Tuesday, February 14, 2017

Is Oracle Dumping SPARC and Solaris?

wrote an article for NETWORKWORLD titled:  Game over for Solaris and SPARC?

The subtitle is:  "Oracle kills Solaris development, lays off Sun hardware workers. The conclusion is inevitable."


As Mr. Patrizio states:  "When Oracle purchased Sun Microsystems in 2010, the company inherited a venerable Unix solution that was already in decline. The Solaris operating system on Sun’s SPARC hardware was losing ground to x86 running Linux (or Windows Server) already, and IBM was cleaning its clock by stealing away SPARC customers to its Power series of servers. " 


As stated at Wikipedia: "The Scalable Processor Architecture (SPARC) is a reduced instruction set computing (RISC) instruction set architecture (ISA) originally developed by Sun Microsystems. Since the establishment of SPARC International, Inc. in 1989, the SPARC architecture has been developed by its members. SPARC International is also responsible for licensing and promoting the SPARC architecture, managing SPARC trademarks (including SPARC, which it owns), and providing conformance testing. SPARC International was intended to open the SPARC architecture to create a larger ecosystem; and SPARC has been licensed to several manufacturers, including Atmel, Cypress Semiconductor, Fujitsu, and Texas Instruments. As a result of SPARC International, SPARC is fully open, non-proprietary and royalty-free."

For those of us who spent decades at Sun, this is a sad day, but certainly not unexpected.  I am surprised it took seven years.  What hurt Solaris was the false start of open sourcing Solaris and then pulling back on it.  Sun could not figure out how to open source Solaris, have an x86 Solaris offering and keep making lots of money of the big SPARC Solaris servers.  It was the classic innovators dilemma.   Solaris had so many incredible innovations.  I really feel that Linux never would have made it IF Sun would have open sourced SunOS and then Solaris.  When Oracle purchased Sun, they then stopped the open source Solaris as well.  The mixed messaging was a killer.


When SPARC first came out it in 1987, it was 2.5X the performance of what you could find on an equivalent  Motorola 68020.  It was able to do this because it optimized for what was the most used instructions - aka RISC - Reduced Instruction Set Computing.  I was at Sun Microsystems prior to the SPARC release, as as well as prior to the Intel line of Sun computers.  SPARC was a kick a$$ microprocessor in its day.  I was one of Sun's first "SPARC Ambassadors".  This meant that we would show up at customers, partners and Sun offices to talk in detail about the technical and business advantages of SPARC.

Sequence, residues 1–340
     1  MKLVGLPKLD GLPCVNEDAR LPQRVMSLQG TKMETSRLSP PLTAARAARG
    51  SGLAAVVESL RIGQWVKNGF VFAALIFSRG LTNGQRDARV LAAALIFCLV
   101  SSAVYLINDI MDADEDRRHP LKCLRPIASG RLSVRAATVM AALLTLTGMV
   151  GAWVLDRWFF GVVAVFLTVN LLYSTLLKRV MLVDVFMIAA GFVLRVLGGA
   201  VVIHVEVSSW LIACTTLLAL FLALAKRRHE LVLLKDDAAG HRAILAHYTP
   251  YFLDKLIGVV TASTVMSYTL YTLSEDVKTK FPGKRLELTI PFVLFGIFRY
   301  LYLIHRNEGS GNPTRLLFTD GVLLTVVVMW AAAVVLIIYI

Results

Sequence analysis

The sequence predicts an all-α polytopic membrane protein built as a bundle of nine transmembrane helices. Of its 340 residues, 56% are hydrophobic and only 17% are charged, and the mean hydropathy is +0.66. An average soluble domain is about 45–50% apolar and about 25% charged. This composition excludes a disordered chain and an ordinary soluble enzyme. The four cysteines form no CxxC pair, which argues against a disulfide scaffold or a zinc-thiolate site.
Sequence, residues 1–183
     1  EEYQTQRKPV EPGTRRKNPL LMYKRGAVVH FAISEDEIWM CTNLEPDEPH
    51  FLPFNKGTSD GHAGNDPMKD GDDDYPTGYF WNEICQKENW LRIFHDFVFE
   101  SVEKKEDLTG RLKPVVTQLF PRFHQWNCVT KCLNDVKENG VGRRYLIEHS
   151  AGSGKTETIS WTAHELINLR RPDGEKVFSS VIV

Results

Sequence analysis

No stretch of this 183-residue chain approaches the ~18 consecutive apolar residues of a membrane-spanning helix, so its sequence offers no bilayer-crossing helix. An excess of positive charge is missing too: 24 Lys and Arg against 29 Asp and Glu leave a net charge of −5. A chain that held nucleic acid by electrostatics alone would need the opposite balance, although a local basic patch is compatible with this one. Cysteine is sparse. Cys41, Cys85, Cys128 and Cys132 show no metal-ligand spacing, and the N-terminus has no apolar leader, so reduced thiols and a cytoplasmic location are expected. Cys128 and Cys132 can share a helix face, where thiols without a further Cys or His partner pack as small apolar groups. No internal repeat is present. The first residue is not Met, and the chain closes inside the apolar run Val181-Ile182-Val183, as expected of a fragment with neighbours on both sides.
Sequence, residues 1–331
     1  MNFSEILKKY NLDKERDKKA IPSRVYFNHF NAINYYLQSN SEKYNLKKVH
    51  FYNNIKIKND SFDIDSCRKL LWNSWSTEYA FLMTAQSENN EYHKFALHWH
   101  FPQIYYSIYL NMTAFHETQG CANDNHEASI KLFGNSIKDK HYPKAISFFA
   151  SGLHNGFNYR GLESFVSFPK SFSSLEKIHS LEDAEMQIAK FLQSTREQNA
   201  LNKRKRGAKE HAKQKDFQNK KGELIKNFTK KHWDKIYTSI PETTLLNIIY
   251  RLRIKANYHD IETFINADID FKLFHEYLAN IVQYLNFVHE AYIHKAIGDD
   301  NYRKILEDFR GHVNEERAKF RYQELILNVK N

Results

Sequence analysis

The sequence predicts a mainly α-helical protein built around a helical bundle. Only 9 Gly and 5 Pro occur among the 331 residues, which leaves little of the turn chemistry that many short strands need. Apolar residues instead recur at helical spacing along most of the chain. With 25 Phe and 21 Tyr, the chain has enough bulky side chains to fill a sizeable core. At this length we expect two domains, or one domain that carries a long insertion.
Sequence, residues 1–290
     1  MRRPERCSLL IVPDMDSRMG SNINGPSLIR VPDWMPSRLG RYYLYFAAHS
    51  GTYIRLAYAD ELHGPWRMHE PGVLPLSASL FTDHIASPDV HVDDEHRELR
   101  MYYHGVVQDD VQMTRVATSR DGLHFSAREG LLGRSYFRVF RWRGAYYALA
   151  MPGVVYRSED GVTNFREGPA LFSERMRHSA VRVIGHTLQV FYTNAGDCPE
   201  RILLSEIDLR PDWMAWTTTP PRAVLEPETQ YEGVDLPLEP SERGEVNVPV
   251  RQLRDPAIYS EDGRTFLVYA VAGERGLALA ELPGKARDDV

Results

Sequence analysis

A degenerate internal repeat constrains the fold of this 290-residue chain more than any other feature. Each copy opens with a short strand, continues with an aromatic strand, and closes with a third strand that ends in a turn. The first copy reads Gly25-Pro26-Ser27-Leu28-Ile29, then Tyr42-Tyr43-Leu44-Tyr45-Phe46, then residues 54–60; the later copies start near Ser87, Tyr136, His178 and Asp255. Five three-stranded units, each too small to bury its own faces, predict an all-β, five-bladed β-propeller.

While SPARC was the first open architecture instruction set, the problem was the we talked a little bit out of both sides of our mouth when it came to the marketplace. What  I mean is that we encouraged companies to create SPARC processors and systems based on SPARC.  However, sales had to compete with these new companies and of course, Sun's sales reps did not want to lose SPARC or Solaris sales to Sun clones, so they would cut to the bone on discounts.  


The next obvious step for these companies was to feed around the edges and not go right after Sun's business.  That worked out for awhile, but then the cost to create the next new microprocessor was growing exponentially.  I remember the first time I heard a Sun microprocessor designer say, "We will spend $200 million to find out if we have a SPARC chip or an expensive coaster."


Solaris was and is an amazing OS.  I remember being part of the first three System Engineers from the field to go to corporate to do a month worth of engineers using Solaris 2.0  In order to appreciate Solaris, you really had to have an understanding of what makes a great operating system.  Sun had the best developers starting with the legendary Bill Joy aka wnj.


One of my favorite phrases is, "while you date your hardware vendor, you marry your software vendor."  This applies to the ubiquity of Intel PCs where the question of, "does it really matter if we buy Lenovo or HP PCs?"  versus "let's switch from SAP to Oracle for our ERP vendor".   If you are a CIO, then who cares if you buy a brand-x PC, but try converting to a new software platform or you will likely lose your job if it fails. 


When people ask me about Sun I always tell them that it was the best 23 years of working life.  I could go on and on about how great Sun Microsystems was to work at and how incredible its employees were. 


It is still tough to swallow that Sun, and now it sounds like SPARC and Solaris, will be relegated to an entry in wikipedia.  However, what is nice is that those relationships with Sun employees continue to this day.

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